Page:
The No Snooze Experiment
I’ve always been deeply, madly in love with sleep. My sleepy self has been addicted to hitting the snooze button for as long as I can remember. I’m also guilty of setting multiple alarms because honestly, sometimes I don’t even hear the first one for fifteen minutes.
I never really questioned this behaviour before or really thought about how it might actually be the reason I have a hard time waking up in the morning. I always assumed it’s hard because I’d rather be sleeping.
Recently I’ve seen a few articles go by about how hitting snooze actually makes waking up more difficult. Basically, how I understand it is, you’re allowing yourself to fall back asleep and then trying to wake up again, only this time from a deeper state of sleep, which can lead to grogginess and disorientation. Which is pretty much how I was feeling every morning. Never actually rested, even if I slept for 10 or 12 hours.
Enter the no snooze experiment. At the beginning of January, I committed to only having one alarm and not hitting the snooze button for a week to see if waking up could actually be easier. The first few days were rough. The alarm would go off and my instincts to fall back asleep were strong. But knowing that there wasn’t another loud, intrusive sound waiting to startle me seemed to be enough to prevent me from drifting back into my dreams. After a few days, feeling awake started to become easier.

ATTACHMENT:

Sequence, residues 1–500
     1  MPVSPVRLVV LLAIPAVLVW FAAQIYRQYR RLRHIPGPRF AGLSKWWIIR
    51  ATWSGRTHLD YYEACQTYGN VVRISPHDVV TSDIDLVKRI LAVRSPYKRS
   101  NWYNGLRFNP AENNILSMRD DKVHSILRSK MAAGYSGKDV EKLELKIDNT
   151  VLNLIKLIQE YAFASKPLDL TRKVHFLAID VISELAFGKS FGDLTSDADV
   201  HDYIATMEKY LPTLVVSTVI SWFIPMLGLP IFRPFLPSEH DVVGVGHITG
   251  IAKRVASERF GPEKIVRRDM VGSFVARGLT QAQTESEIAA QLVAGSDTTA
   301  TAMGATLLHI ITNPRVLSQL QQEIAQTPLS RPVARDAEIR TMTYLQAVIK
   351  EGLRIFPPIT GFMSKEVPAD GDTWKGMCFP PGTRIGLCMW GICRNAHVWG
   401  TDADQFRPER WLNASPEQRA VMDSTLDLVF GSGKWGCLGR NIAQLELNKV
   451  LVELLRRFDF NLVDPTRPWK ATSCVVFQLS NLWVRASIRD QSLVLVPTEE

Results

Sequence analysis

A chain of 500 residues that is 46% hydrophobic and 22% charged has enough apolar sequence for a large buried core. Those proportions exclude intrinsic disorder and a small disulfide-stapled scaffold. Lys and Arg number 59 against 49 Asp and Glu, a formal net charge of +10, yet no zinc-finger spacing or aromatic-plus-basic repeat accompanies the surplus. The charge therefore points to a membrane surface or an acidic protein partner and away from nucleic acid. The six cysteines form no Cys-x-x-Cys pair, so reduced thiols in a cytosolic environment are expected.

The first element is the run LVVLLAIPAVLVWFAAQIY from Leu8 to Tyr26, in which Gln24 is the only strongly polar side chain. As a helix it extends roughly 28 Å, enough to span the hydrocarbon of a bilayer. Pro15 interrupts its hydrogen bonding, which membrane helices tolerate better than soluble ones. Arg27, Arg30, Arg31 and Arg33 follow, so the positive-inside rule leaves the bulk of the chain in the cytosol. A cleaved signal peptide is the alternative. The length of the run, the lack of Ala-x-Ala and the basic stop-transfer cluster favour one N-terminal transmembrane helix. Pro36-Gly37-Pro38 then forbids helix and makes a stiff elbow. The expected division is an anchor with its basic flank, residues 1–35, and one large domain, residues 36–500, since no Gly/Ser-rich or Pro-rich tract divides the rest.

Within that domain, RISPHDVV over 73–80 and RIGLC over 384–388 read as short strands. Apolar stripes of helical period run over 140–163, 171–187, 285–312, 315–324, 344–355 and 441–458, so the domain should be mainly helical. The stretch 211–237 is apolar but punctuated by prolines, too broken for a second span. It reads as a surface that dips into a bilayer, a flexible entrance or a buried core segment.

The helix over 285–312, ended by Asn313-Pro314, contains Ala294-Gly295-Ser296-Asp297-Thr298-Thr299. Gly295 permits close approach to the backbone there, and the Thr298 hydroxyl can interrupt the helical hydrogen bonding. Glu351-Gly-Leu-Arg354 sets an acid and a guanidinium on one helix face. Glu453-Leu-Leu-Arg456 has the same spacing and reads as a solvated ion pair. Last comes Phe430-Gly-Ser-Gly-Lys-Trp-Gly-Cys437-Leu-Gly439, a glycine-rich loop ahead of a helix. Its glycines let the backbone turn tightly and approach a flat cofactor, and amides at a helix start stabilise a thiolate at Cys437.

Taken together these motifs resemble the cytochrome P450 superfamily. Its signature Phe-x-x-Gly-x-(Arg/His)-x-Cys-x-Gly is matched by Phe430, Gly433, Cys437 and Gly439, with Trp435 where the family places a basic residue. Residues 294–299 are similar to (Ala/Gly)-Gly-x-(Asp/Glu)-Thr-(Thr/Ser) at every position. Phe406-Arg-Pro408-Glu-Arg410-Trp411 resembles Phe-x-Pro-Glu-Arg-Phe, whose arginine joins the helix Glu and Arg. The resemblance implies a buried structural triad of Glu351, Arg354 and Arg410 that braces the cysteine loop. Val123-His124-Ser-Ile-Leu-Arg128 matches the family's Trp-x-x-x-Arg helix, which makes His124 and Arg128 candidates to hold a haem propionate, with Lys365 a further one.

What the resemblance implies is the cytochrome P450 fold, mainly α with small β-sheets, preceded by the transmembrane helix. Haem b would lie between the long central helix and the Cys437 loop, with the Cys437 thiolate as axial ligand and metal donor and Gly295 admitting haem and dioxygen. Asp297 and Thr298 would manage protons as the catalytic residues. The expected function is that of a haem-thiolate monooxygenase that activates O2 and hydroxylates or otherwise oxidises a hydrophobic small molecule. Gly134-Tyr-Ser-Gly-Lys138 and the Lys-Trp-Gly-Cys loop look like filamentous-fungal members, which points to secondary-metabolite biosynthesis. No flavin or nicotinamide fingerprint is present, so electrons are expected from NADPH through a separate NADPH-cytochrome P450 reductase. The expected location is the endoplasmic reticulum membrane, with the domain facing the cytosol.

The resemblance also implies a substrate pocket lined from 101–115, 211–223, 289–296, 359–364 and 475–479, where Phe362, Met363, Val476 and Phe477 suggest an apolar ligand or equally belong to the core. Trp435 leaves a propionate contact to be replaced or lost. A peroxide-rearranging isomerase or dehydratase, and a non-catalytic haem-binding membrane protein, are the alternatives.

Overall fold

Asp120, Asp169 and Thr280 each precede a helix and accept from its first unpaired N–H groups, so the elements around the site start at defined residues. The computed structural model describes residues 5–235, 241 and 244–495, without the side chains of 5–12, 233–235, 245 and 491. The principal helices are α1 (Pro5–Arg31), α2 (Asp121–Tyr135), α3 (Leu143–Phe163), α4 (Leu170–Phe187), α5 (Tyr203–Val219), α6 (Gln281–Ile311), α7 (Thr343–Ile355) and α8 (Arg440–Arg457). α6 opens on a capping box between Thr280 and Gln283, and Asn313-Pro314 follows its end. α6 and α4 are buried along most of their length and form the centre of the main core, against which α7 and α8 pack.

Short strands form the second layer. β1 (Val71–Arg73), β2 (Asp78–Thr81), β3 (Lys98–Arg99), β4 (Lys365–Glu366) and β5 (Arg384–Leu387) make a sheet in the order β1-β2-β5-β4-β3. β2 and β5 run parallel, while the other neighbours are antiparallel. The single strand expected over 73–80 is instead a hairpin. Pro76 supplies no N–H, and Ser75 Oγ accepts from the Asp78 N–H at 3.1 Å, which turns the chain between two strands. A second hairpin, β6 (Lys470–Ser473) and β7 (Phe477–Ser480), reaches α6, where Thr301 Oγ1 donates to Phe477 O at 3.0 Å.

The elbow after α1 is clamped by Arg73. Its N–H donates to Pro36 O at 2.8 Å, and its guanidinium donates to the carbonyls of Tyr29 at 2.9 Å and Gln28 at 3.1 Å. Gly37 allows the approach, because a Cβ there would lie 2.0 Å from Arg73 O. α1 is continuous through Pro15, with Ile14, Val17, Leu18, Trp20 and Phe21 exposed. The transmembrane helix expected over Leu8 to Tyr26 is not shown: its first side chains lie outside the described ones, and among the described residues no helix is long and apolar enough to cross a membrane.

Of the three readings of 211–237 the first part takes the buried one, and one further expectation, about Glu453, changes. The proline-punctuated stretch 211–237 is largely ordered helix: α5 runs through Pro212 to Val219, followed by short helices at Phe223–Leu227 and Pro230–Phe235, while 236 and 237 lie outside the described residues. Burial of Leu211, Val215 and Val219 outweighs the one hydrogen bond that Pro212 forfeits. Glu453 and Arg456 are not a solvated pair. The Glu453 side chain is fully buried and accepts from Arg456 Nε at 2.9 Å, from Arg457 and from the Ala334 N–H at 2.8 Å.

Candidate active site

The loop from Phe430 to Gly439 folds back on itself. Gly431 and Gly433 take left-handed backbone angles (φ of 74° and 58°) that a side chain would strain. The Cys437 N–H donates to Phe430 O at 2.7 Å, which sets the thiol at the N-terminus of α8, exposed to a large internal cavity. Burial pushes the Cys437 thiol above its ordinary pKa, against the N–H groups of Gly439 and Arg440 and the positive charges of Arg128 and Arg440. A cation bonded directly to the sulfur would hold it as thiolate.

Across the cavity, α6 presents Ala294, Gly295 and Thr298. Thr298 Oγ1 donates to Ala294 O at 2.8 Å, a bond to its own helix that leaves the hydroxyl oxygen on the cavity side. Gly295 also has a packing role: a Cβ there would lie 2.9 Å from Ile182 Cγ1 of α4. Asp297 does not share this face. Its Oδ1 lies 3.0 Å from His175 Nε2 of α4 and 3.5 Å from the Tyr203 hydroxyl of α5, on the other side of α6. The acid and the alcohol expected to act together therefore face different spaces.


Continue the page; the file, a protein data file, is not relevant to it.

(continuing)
After a couple of weeks sans snooze, I started to actually wake up a few minutes before my alarm went off, which totally surprised me. Apparently, your body actually wants to wake up at the same time each day - even on the weekends. There are several processes (circadian rhythm) involved in waking up that get very confused because of the snooze button.
I’m a month into my no snooze life and I’m starting to love it. While I don’t leap out of bed with a surge of energy (and likely never will) this change has created space at the start of my day to actually enjoy stretching and time to appreciate how good gentle movement feels after a night’s sleep. It’s also created space for morning meditation and pranayama practice. My mornings are still incredibly slow, but way less sleepy.
If you're a snooze buttoner in pursuit of more restful sleep, test out resisting your sleepy impulses for another 9, 18 or 27 minutes of sleep. Since it's not actually the good, blissful kind of sleep, you might feel most rested without it.